What is it? Although the cause of hair loss varies patient to patient, I see many patients in my practice who have been suffering from hair loss, sometimes severe, for many years before ever talking to a hair loss physician. Because of this, I wanted to highlight a group of disorders that I frequently diagnose - cicatricial alopecias - which are a very misunderstood family of complications that can masquerade as androgenic alopecia.
If it is suspected, a thorough workup is necessary, but how is it suspected? It is my hope through a series of blog posts on this confused diagnosis that I will bring support and helpful information to those who have also been silently suffering from hair loss.
What is cicatricial (scarring) alopecia and why is it misunderstood?
According to the Cicatricial Alopecia Research Foundation, the term “cicatricial alopecia” refers to a diverse group of rare disorders that destroys the hair follicle, replaces it with scar tissue, which causes permanent hair loss.
CARF suggests there are several reasons why this alopecia can be very confusing:
- Development is highly inconsistent and unpredictable. For example, hair loss may be slowly progressive over many years, without symptoms, and go unnoticed for long periods of time. OR the hair loss may be rapidly destructive within months and associated with severe itching, pain, and burning.
- It is referred to as "scarring" alopecia, but yet there is usually no “scar” seen on the scalp. The inflammation that destroys the follicle is below the skin surface,
- Visible symptoms are not always present. Affected areas of the scalp may show little signs of inflammation, OR have redness, scaling, increased or decreased pigmentation, pustules, or draining sinuses.
- Prevention is not always possible. Cicatricial alopecia occurs in otherwise healthy men and women of all ages, is not contagious, not hereditary, and is seen worldwide.
Are there different kinds of cicatricial alopecia?
Yes, cicatricial alopecias are classified as primary or secondary. This blog series will focus on primary cicatricial alopecias, where the hair follicle itself is the target of the destructive inflammatory process.
In secondary cicatricial alopecias, damage of the hair follicle is linked to either a process not aimed at the hair follicle (different than the primary cicatricial alopecias) or an external injury, such as severe infections, burns, radiation, or tumors.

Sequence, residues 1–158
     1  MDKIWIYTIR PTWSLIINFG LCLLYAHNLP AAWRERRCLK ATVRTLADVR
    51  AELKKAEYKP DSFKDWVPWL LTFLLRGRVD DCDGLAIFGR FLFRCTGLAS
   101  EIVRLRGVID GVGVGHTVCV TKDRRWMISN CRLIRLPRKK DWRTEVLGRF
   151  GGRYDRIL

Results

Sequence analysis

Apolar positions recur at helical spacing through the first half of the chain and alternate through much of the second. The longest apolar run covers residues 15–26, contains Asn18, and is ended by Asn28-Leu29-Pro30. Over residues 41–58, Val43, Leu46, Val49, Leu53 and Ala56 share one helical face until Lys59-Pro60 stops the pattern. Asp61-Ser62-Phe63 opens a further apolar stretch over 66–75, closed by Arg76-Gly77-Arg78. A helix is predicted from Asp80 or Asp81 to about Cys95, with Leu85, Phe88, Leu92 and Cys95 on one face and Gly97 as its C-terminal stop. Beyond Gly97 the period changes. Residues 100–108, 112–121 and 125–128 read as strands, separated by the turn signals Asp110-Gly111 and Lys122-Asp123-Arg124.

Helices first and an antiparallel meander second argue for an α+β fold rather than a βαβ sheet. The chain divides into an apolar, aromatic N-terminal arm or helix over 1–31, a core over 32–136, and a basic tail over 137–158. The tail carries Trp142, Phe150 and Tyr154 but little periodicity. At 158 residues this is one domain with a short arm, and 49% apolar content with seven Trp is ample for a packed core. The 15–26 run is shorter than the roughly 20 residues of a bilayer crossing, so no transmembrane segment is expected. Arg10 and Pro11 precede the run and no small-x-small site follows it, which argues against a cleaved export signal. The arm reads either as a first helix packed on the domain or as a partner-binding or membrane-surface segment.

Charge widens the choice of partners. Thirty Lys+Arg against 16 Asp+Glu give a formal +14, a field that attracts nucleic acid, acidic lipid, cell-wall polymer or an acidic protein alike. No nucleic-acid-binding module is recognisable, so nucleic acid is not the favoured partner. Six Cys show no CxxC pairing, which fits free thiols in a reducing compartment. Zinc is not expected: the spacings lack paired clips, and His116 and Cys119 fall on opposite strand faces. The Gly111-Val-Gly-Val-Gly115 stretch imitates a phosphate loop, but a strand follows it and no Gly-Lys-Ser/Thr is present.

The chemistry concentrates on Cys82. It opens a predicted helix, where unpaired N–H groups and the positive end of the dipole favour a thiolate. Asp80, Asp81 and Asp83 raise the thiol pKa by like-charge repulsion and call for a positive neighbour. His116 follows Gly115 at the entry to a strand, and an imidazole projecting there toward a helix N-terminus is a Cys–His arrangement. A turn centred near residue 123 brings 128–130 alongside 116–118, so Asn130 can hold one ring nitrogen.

How do you know if the hair follicle is the target, if symptoms are not always present?
- Primary cicatricial alopecia is categorized currently by the type of inflammatory cells seen on a scalp biopsy, states the Cicatricial Alopecia Research Foundation. These inflammatory cells may be primarily lymphocytes, neutrophils, or sometimes the inflammation has mixed cells.
- Cicatricial alopecias that involve predominantly lymphocytic inflammation include lichen planopilaris (LPP), frontal fibrosing alopecia (FFA), central centrifugal cicatricial alopecia (CCCA), pseudopelade (Brocq), chronic cutaneous lupus erythematosus, and keratosis follicularis spinulosa decalvans.
- Cicatricial alopecias that involve predominantly neutrophilic inflammation include folliculitis decalvans and tufted folliculitis. Sometimes the inflammation shifts from a predominantly neurotrophilic process to a lymphocytic process, or visa versa.
- Cicatricial alopecias with a mixed inflammatory infiltrate include dissecting cellulitis and folliculitis keloidalis, both of which are secondary to follicular rupture.
So, with development so inconsistent and unpredictable, what causes primary cicatricial alopecia, and who is affected?
This topic is discussed in the next blog post in my series on cicatricial alopecias.
Dr. Arthur Gray offers a full range of diagnostic options as well as surgical and medical treatments for hair loss. If you are suffering from hair loss and looking for answers, contact Dr. Gray today to schedule a one-on-one consultation.